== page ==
Sony’s decision to pull Cyberpunk 2077 from its digital storefront on Thursday night, December 17, and to offer refunds to anyone who bought the game, was the latest in a series of damnations on what many expected to be one of the top titles of 2020. It may be the act that results in some real changes at the company too.
CD Projekt Red’s stock has taken a beating Friday, falling 13% on the Warsaw Stock Exchange and tumbling as much as 17% in early trading in the U.S. OTC markets. And while gamers might have some power to influence corporate decisions, that’s nothing compared to the power of investors, and those investors are speaking loudly.
The tumble in share price, along with the threat to long-term overall sales of the game, should result in a fast-turnaround statement from the company about make-goods to affected consumers — likely free major expansions and other content, perhaps game giveaways — and a very loose timetable about when the game will be fixed. (The most logical timing for that announcement would be Sunday evening or Monday morning, in hopes of getting a bump when the markets open in Warsaw.)
Assuming that happens, it might appease some players, but it won’t erase the magnitude of the company failure — one that could have been avoided, though maybe not quite as easily as some players imagine.
(Digital Trends reached out to CD Projekt Red to discuss the game’s problems, but the company referred us to its recent tweet as its official statement and said it would not be conducting any interviews of any sort until 2021.)
It’s worth noting that Sony’s delisting of Cyberpunk is seemingly unprecedented. Other games have been removed from stores before (WB games pulled Batman Arkham Knight on PC and Ashes Cricket 2013 was actually so buggy it was canceled after its release), but those were publisher decisions, not platform holders.
It’s hard not to view Sony’s actions as punitive. It’s unfathomable that CD Projekt Red wasn’t aware of the problems the game had on legacy consoles, yet it published it all the same. And when the hue and cry became deafening, it announced refunds for anyone who wanted them without first conferring with its console partners. When Sony and Microsoft balked, as any company would when others began messing with their finances, it shifted some of the outrage away from CD Projekt Red … temporarily.
It was, in other words, a PR juke that backfired.
It’s hard not to feel bad for the development team on Cyberpunk. They spent too long in crunch and worked hard to get the game to where it is. But it’s the job of management to look at the big picture and make the difficult decision to delay. And the higher-ups at CD Projekt Red were seemingly obstinately opposed to this.
That’s likely because of a few factors. Licensing deals and marketing commitments were already in place. A delay would cost money. And there was certainly a fear that a notable delay for the game (which would have been the fourth one announced) would impact sales. Before the current fiasco, analysts were projecting the game would sell over 30 million copies.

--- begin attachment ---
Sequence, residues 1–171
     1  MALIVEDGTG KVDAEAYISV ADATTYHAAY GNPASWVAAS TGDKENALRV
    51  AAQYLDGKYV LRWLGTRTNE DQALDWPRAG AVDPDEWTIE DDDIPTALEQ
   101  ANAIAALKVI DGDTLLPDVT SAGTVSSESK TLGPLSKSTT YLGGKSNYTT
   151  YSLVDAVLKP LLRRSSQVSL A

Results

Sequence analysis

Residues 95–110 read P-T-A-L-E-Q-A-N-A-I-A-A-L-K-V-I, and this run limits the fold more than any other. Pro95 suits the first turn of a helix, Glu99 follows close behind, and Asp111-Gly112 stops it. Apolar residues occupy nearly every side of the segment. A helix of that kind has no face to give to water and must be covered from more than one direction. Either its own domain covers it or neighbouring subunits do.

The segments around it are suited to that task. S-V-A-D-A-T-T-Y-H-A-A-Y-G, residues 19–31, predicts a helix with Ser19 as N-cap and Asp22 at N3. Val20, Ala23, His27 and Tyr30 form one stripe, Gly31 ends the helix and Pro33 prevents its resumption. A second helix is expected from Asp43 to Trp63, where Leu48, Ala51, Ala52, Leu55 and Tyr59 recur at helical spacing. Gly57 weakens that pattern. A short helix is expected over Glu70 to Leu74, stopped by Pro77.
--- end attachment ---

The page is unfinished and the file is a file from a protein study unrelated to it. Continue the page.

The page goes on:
CD Projekt Red might argue it focused its QA efforts on PC and top-end platforms, as Cyberpunk was always envisioned as a next-gen game. Even if true, it rings hollow, though. The company knew the size of the installed base on the PS4 (and Xbox). They knew the majority of console players wouldn’t have a next-generation machine, and were counting on current-gen systems for the bulk of console sales. It was management’s responsibility to ensure the game was, at the very least, functional on current-gen systems.
The delays that were announced — especially the most recent one pushing the game from November 19 to December 10, made after the game went gold — were as close to last minute as they could be. And that shows a lack of situational awareness on the leadership’s behalf.
“We’re aware it might seem unrealistic when someone says 21 days can make any difference in such a massive and complex game, but they really do,” the company said at the time. Today, with our hindsight, it’s staggering to think how poorly the game must have been running on baseline consoles at that point.
What’s particularly baffling is that the company had an easy scapegoat to point to for a sizable delay. The pandemic has impacted several development teams making less ambitious titles. CD Projekt Red could have pushed Cyberpunk back as much as a year and not seen a notable impact on sales. The hubris to make a 2020 release, though, could cost them millions of dollars.
CD Projekt Red has tremendous goodwill with gamers, but it’s burning that at a phenomenal rate. The big question is how will this impact players’ trust in the company for future games. It’s one thing for, say, Bethesda to flub a launch, like Fallout 76. They have a long history and a wide portfolio of other titles. CDPR doesn’t have that sort of PR capital with a wider audience.
Potentially worsening things, statements from the company about the game’s issues have not struck an apologetic tone (even the ones that did offer token apologies). They’ve been defensive, used misdirection and touted the platforms that have had fewer problems.
It’s a rough spot for everyone. Gamers’ excitement over one of the most anticipated titles of the past few years is now muted. Developers who worked inhuman hours to ship the game have to deal with the emotional impact of that disappointment. And managers, who are responsible for the company’s bottom line, have a boatload of angry investors.
The most frustrating part is that none of it was necessary.
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